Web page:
The Fundaciò Joan Miró is one of the best museums that Barcelona has to offer. A museum organized and designed, in 1975, by the artist himself. A museum where the artist himself conceives it, becomes a temple of art with the face of the artist.
The visit to the Joan Miró Museum begins even before she did. The building that houses the museum is a true work of rationalist architecture, with Mediterranean characteristics. It is the work of the architect Josep Lluís Sert, a friend of Miró’s and promoter of avant-garde architecture in Catalonia. It is therefore interesting to appreciate the building before entering and see how it combines with the blue sky. Inside, the building functions as an open door to the city with a terrace overlooking Barcelona and gardens that integrate art with architecture.
A large part of the museum’s collection was donated by Joan Miró in 1975, when the museum was founded. Another part was donated by friends and relatives of the artist. A visit to the museum allows us to understand Joan Miró’s work as a whole, as it is possible to follow his trajectory from the beginning to the end of his life. We can see, for example, that in the beginning he did not use the basic colours of blue, red, yellow and black, which he would adopt throughout his career and which we know so well today. Like all artists, Miró devoted himself to painting landscapes, still lifes and places from his childhood until he adopted his own style.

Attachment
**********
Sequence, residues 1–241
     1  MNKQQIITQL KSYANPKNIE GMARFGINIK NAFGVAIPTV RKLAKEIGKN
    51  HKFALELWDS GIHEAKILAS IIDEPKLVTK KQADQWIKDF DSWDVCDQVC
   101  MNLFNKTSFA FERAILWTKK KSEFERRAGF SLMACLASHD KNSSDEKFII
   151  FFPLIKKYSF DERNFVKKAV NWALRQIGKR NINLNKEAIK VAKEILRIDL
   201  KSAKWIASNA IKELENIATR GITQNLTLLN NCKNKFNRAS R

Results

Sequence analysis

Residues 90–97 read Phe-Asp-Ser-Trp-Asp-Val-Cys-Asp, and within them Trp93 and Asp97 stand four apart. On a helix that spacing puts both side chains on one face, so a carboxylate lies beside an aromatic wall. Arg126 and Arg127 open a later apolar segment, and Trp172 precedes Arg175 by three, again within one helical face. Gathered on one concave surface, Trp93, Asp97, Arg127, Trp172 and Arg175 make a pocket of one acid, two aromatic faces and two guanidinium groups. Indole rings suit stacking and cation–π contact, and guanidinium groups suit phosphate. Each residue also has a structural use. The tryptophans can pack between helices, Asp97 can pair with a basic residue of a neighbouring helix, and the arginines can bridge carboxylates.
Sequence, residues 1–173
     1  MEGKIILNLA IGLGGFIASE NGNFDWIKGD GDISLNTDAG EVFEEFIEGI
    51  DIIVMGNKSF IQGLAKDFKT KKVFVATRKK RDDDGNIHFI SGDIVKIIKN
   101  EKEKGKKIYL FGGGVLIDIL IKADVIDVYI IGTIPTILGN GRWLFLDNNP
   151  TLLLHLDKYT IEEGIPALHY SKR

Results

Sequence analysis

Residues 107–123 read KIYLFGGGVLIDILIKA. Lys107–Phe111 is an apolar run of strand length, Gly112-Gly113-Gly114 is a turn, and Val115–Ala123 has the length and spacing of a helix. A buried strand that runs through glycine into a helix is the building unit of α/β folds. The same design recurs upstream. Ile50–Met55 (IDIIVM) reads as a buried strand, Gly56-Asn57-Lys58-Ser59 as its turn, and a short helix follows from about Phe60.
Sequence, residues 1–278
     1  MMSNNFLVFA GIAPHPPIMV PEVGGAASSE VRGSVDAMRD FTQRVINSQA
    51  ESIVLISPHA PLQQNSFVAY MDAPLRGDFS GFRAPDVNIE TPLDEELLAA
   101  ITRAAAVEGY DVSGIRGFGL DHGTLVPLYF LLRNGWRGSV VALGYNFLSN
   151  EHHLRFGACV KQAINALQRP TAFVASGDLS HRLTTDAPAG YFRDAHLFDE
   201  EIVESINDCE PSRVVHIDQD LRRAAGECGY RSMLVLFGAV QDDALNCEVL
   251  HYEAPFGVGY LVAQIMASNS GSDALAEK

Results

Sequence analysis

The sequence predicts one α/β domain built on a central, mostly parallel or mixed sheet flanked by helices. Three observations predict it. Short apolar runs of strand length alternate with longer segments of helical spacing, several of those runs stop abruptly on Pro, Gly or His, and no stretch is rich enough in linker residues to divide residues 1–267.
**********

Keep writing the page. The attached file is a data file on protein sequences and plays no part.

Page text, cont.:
Miró was an artist involved in Spain, Catalonia and the history of his country. For this reason, one of the museum’s most outstanding collections is the one that brings together works made during the Spanish Civil War and the Second World War. These are beautiful works whose shapes and colours make us wonder about the atrocity of war. May 1968 (painted between 68 and 73) and Tapiz de la fundació (1979). These are works whose colours and shapes leave you hypnotized.
Of course, Miró has a self-portrait done in oil and pencil. It is as fun and childish as Miró’s work. Many people avoid going to some artists’ museums because they think they won’t understand the paintings, sculptures and other arts. Joan Miró’s work depicts a dreamlike, unconscious and childlike world. Thus, it is not difficult for children to identify with the work of this great artist. On the other hand, it also provokes our identification with his work, because the unconscious and the world of dreams need no explanation. It’s all about feeling. So is art. A question of feeling and identification. You can identify with Miró’s work or not and you will know whether you liked it or not.
Where it is:
How to get there:
Bus 50 or 150 Metro + Funicular.
Tuesday, Wednesday and Friday
From November to March: 10am – 6pm
From April to October: 10am – 8pm
Thursday: 10 am – 9 pm
Saturday 10 am – 8 pm
Sundays and public holidays: from 10 am to 2.30 pm